- Working hours - do all-remote teams encourage syncing up time that the team is online? If you're remote and most of the team is together, do you work hours that are local to the rest of the team? I've heard it can be hard in this situation making sure that the rest of the team remembers you in hallway conversations, since it's easy to forget the one guy who is remote.

Some stuff I haven't seen written about:

- Logistics - do you need to be the admin for your PC? Do you get a hardware budget, or is it entirely BYOB?

I'm also interested in how the remote dynamic changes going from small teams to companies with thousands of employees.


I've been working 100% remotely for a large US firm (tens of thousands of global employees) for a few years now. Prior to that I worked for the same firm in office. My current role is physically in a separate state from the others, so it's not possible to do a few days in the office and a few days at home (I think that is the best of both worlds).

I have a home office with a door on a separate floor from where most of the family is. Even though I wear headphones, being able to close the door indicates "dad is focused" as opposed to just having the door open which means interruptions are okay. Occasionally I'll work remote from being remote and hit the local coffee shop. I find that a simple change of scenery helps me focus/

We use both google hangouts and hipchat text/video for meetings as well as email and other solutions. We also conference call a lot on mobiles. We don't do daily status (I've never offered and no one asked). People sync up as needed. The only thing I miss is being able to stand in front of a whiteboard and draw things for group feedback, but I've adjusted.

I work my own schedule which is loosely based on the standard business day. I'm consider myself "in the office" from around 630am to about 5pm, but I take breaks during the day to eat, play with the dogs, go the the gym or run errands. As with most places, it's more about what you deliver than working a strict eight hour day. I'm more of an architect than developer so I'm not pair programming or working directly with someone every second. Asynchronous communications have been fine.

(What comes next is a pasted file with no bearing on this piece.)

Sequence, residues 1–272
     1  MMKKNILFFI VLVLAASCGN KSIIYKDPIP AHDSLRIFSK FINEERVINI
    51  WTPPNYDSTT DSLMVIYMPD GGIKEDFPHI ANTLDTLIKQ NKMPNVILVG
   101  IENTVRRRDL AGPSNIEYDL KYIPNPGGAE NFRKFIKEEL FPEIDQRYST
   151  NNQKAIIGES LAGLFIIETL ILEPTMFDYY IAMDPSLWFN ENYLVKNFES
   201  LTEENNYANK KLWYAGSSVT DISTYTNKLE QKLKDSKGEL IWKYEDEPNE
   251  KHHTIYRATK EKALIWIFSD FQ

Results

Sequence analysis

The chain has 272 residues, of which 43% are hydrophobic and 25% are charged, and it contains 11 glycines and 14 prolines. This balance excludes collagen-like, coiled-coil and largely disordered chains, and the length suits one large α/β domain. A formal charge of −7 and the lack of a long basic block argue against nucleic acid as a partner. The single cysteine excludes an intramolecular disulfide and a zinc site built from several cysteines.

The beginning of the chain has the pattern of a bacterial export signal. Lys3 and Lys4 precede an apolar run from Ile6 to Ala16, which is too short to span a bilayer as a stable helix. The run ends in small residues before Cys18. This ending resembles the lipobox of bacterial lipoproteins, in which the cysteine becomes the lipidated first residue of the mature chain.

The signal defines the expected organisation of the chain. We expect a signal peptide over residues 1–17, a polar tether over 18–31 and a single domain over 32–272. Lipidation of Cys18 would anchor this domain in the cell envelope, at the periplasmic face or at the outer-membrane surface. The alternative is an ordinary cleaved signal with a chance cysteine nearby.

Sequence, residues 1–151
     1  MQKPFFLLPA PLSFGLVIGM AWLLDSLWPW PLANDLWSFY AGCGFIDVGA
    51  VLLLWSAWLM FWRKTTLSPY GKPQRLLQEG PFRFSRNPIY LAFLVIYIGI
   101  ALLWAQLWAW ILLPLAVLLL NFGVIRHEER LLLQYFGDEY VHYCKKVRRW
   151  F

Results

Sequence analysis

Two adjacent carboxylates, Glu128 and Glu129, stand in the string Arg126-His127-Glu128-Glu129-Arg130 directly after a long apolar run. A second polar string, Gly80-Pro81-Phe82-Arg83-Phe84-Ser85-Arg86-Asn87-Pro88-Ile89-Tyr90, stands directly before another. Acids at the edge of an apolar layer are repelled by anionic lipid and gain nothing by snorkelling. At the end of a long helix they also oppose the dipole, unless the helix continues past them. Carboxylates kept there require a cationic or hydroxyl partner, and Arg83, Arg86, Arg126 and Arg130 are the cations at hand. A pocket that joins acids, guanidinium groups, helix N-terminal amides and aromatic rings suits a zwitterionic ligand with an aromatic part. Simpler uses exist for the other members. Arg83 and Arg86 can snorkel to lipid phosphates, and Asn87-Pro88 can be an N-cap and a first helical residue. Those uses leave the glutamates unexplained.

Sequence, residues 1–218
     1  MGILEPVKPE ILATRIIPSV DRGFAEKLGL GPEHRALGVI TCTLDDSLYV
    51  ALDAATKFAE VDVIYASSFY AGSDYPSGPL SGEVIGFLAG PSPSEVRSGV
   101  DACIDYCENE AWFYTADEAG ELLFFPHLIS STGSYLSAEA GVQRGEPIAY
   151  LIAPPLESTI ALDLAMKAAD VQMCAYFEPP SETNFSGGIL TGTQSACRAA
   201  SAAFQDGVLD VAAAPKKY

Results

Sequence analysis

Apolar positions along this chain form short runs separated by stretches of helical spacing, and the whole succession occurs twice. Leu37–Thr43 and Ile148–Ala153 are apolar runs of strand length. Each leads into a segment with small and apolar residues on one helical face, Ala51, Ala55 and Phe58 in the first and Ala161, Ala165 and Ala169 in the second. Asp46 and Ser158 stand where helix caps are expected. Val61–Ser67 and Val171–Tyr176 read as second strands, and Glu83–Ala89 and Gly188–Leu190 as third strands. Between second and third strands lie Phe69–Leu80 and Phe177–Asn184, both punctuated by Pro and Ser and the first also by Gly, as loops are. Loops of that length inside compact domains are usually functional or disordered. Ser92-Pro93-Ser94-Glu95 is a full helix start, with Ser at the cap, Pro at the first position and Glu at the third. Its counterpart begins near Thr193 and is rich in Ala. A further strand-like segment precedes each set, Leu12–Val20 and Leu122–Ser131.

There is absolutely no doubt in my mind that I'm out of sight and out of mind. I miss hallway chats, impromptu meetings, etc. I consider it a fair trade off for the lifestyle. I'm not sure it's hurt my career, but it probably hasn't helped it.

We use corporate computers with VPN's as needed for patching, internal access, etc.


Interesting. Thanks for sharing.

What's the culture like on your team regarding remote? Are you the only remote or are there a bunch of people doing the same thing?

Did you transition to remote while remaining on the same team?


Background: I had a personal issue that required me to sell my house in silicon valley and move closer to my parents on the east coast. Rather than let me go, the company offered to pay for my relocation and let me work from home (I work at a pretty traditional company, not a tech giant so I was surprised). About six months after, I moved teams within the company, so my new team was okay with me coming on board while remote. Since then, I've moved teams (and physical locations) again, and the new team was also fine. Most folks are either at customer sites or in the various corporate offices, but there are plenty of folks who seem to do what I do and just work remote. It's a bit more common than I would have thought honestly for a "corporate culture".